Turning crude oil into the assorted things that are made from crude oil, including butane, jet fuel, diesel, and gasoline, are all produced by what is called a “fractional distillation” process. In short, the distillation process separates out many various products, with every product being a refined subset of the original crude oil material.

As the oil is distilled into fractions there are vapors that also form. The first gas that forms is a volatile gas known as methane, and because there is not any other effective way of handling the methane byproduct the refinery transfers the methane for it to be burned off by a flare stack. When methane is burned it turns into other materials: carbon dioxide and water. Water is without a doubt an eco-friendly material. Carbon dioxide is also a naturally occurring element in our atmosphere and is actually a vital part of the ecology. All plant life requires carbon dioxide for photosynthesis. And although carbon-dioxide is considered a greenhouse gas and possibly dangerous if it exceeds ordinary levels in our atmosphere, methane is a far more concerning compound allowing for potential greenhouse effects, so changing methane into CO2 is a very favorable process from an environmental viewpoint.

This is one reason why the flare stack is an important component of any refinery construction.

Flare stack construction is done through precise engineering execution. Flare systems involve tall stacks as an important component, since high stacks help to guarantee best dispersion. Stacks can often include a steam element to reduce the formation of black smoke which often accompanies the burning process. Purge gas flows steadily and the pilots burn nonstop ensuring the system is always ready to do its other critical task: burning refinery gas in the event of over-pressurization. A flare stack is thus an essential part to plant safety. Stacks are exposed to high heat and high winds and unceasing use, so guaranteeing they are constructed well is vital.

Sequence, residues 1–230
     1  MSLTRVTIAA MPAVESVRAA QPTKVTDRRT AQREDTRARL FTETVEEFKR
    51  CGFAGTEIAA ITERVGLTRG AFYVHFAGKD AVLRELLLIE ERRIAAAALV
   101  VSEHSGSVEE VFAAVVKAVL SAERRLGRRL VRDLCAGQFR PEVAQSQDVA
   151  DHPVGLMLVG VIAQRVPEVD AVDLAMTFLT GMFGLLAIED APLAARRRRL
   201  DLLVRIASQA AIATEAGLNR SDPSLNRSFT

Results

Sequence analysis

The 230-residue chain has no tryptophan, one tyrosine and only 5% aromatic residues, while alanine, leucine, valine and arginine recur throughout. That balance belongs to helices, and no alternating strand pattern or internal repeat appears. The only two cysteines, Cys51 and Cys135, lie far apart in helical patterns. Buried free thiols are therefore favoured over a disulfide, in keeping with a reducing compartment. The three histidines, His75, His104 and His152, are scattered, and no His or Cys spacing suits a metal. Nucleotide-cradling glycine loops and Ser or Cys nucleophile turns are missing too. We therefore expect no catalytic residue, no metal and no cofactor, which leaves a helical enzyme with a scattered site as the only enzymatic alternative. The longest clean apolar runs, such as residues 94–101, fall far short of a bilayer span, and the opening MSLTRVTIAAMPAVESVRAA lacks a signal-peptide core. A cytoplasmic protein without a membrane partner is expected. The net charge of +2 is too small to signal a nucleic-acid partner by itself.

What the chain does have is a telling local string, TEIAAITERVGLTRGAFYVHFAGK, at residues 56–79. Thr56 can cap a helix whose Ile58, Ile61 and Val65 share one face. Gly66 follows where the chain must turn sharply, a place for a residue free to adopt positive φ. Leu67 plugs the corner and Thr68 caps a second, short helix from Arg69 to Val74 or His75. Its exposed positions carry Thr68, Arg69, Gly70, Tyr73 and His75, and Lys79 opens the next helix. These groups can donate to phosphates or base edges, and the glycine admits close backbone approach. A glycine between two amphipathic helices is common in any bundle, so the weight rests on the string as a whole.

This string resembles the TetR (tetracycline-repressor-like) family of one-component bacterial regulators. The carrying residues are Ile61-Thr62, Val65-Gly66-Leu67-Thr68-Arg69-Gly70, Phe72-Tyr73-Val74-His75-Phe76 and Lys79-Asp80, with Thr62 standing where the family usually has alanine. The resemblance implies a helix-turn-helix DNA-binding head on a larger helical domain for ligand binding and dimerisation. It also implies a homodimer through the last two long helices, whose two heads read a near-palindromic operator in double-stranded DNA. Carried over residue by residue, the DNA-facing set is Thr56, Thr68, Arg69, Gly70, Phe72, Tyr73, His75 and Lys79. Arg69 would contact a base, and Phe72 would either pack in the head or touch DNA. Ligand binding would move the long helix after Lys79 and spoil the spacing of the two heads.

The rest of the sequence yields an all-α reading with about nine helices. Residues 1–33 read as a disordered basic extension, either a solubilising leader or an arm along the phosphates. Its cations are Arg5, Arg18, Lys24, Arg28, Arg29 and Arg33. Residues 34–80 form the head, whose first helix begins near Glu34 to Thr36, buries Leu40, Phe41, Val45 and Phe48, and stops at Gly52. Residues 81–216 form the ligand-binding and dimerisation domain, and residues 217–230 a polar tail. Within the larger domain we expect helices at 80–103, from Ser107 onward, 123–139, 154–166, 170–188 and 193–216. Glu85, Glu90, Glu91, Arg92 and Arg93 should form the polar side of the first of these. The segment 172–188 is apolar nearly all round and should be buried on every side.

While flare stack construction is an exact science, experts in the field have made stack construction and assembly a streamlined element of refinery construction. In May of 2006, trade magazineThe Future did an article on the Flares and Stacks’ involvement in the assembly of a stack at the Ultracracker refinery in Texas City, TX, the country’s third-largest refinery with capacity to process more than 430,000 barrels of oil daily. The stack was built in sections. Fabrication is often done at the facility of the company concentrating on flare and stack components, and the Flares and Stacks fabrication crew fabricated the stack parts at the Flares and Stacks facility. The parts were then taken to the refinery and then, like stacking one block on top of another, it was assembled on site. With cranes, some scaffolding, and most significantly with the Flares and Stacks professionals who act as a productive, safety-conscious and highly knowledgeable team, the sections fit perfectly, one on top of another, up into the sky, 300 feet high. Once the flare components are installed and the tower is secured with acceptable guy wires it is ready for service. Flare systems built by Flares and Stacks, Inc. are built to be ever-ready to play their part in the refining process that turns crude oil into the fuels that run our lives, all while protecting the environment from by-product waste.